I find it very convenient to administer my whole server by logging in as root.

However, CSF tells me that it is a "considerable risk" to allow login to FTP via root, and other websites I googled concur.

Why is this, and should I really be too worried about it? Is it OK to leave it or would the risks outweigh the benefits even in my case?

  • FTP, which sends the password in plaintext and simply shouldn't be used at all, or sFTP? – Peter Oct 29 '14 at 2:37
  • because root can run anything. Why risk it. If you want to do this use a security cert – Ramhound Oct 29 '14 at 2:37
  • p.s. I do use SFTP – superuser Nov 1 '14 at 2:00

Because most users connect to standard FTP port without using SSL, and even if they do, it is mostly self-signed one, and it is very easy to intercept that kind of traffic, which means your root password can be found very easily if no encryption is used, as it is sent in clear text.

If you really need to use root for transferring files then use SFTP, which works over SSH and is more secure then FTP, and use SSH keys for login, instead of password authentication.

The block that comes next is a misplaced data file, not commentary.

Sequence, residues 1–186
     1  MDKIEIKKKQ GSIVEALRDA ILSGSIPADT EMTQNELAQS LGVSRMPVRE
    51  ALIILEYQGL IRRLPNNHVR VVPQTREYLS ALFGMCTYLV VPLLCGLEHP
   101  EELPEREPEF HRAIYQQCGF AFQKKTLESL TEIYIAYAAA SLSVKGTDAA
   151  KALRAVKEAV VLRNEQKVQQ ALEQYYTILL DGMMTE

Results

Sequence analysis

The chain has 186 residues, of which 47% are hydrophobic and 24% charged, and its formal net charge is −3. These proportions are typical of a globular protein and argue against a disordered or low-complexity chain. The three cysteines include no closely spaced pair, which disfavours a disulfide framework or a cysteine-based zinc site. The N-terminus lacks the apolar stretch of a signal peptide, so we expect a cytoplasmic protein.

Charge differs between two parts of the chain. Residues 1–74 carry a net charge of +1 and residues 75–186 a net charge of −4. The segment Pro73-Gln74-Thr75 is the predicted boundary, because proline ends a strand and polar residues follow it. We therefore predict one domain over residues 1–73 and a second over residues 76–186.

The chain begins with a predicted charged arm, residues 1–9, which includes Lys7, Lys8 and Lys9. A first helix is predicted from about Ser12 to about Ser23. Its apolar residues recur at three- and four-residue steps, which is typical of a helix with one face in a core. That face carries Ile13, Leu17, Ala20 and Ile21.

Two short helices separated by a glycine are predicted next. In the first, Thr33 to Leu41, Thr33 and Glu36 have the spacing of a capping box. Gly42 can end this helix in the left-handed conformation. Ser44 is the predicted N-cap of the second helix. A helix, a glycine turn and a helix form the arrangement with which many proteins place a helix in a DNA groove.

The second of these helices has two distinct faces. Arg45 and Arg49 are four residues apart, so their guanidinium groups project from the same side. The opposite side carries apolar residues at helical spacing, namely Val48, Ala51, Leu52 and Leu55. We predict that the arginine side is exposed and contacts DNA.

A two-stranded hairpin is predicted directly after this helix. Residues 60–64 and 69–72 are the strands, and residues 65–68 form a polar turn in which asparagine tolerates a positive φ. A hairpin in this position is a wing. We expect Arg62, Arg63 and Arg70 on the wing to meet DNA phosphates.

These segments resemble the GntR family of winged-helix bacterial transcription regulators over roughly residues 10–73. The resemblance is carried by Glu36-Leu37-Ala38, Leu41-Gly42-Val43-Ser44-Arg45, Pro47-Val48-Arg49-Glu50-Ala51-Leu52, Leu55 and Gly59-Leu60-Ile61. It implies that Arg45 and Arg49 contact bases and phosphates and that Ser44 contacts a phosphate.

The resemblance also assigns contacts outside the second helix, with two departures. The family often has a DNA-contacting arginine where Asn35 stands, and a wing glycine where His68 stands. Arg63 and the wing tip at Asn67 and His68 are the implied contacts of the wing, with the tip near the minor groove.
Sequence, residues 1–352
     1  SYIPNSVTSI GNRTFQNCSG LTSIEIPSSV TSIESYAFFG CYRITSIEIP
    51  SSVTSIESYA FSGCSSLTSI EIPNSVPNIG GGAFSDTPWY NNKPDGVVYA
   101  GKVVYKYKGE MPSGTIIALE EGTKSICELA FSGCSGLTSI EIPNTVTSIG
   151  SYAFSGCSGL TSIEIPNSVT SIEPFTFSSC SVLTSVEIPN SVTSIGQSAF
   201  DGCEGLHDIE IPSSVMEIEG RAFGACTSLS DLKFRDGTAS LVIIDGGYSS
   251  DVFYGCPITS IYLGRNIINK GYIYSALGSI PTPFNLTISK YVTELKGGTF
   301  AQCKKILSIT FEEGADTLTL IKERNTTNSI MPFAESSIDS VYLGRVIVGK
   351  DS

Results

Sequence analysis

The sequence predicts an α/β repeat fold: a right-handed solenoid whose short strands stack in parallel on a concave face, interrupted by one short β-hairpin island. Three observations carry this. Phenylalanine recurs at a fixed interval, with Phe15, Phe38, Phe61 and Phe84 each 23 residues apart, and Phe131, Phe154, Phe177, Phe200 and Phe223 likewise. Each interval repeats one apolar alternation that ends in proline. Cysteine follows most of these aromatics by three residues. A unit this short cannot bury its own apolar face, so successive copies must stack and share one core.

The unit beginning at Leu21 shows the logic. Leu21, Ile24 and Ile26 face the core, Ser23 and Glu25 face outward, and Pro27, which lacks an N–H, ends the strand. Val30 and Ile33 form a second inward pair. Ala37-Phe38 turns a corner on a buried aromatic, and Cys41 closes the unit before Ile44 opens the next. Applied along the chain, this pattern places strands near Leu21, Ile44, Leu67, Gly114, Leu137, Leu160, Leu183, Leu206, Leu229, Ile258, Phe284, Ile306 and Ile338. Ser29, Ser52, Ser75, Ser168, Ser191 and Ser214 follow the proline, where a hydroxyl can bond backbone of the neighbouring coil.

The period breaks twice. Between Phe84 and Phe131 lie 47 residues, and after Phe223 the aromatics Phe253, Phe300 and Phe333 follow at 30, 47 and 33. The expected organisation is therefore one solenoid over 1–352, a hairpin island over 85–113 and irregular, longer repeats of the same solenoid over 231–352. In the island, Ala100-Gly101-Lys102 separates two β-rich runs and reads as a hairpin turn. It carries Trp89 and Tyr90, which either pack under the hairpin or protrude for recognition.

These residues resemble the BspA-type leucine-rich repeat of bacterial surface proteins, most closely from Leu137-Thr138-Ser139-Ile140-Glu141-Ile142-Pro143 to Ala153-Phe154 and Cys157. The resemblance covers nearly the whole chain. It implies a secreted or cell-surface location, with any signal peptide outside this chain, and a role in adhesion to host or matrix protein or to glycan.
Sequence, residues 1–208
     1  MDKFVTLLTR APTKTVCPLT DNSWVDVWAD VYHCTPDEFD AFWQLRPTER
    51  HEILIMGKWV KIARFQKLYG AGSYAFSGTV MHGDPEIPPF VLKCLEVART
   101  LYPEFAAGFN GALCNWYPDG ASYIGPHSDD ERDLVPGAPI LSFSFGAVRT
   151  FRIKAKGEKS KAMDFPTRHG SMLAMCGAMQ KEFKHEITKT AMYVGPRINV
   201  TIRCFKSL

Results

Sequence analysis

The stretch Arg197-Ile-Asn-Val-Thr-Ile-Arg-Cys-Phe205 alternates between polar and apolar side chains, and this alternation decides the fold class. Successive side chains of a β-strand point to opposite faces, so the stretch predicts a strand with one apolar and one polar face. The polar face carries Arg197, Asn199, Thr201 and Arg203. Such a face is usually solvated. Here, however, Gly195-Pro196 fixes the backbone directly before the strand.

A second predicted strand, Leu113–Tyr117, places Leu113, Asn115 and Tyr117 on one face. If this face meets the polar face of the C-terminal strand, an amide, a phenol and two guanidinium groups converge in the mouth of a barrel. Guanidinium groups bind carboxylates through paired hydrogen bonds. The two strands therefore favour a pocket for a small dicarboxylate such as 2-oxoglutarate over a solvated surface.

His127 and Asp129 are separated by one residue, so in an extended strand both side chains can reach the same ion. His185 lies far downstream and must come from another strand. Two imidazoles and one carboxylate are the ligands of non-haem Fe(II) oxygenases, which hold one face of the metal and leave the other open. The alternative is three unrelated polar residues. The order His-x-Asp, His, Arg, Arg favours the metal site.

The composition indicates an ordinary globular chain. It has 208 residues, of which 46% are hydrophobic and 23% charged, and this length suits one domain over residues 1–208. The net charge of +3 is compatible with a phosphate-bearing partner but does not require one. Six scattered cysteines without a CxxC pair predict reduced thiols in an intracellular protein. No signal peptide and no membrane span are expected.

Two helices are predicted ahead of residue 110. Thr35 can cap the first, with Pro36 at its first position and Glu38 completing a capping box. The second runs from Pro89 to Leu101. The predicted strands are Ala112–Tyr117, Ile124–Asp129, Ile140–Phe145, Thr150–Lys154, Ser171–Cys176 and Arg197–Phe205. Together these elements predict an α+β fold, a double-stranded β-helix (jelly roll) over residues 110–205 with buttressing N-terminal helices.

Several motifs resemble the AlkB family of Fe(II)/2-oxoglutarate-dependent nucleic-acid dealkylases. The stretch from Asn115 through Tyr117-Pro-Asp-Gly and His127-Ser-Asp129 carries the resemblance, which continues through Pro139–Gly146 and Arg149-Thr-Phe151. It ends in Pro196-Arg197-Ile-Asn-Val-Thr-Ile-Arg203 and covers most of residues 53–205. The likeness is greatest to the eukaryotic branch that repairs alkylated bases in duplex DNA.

If you are allowing root to login to SSH to your server, then you can use any SFTP client and connect to SSH port with root login.

Some SFTP clients are WinSCP and Tunnelier which provides you with an easy drag and drop File manager to transfer files over SFTP

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  • I log in with sftp in fact, so at least that's good. And my password is really, really long and complicated But I think I will ultimately disable the access. – superuser Oct 29 '14 at 3:20
  • I disabled the access. – superuser Oct 29 '14 at 3:48

Allowing anyone to FTP as root allows the possibility of anyone deleting any file on your system, either intentionally or more likely, accidently. A hacker could also modify any file by copying over a new version - for example modifying your ssh files to allow someone you didn't intend to, to access your system. This could allow them to tunnel to any other system this machine has access to.

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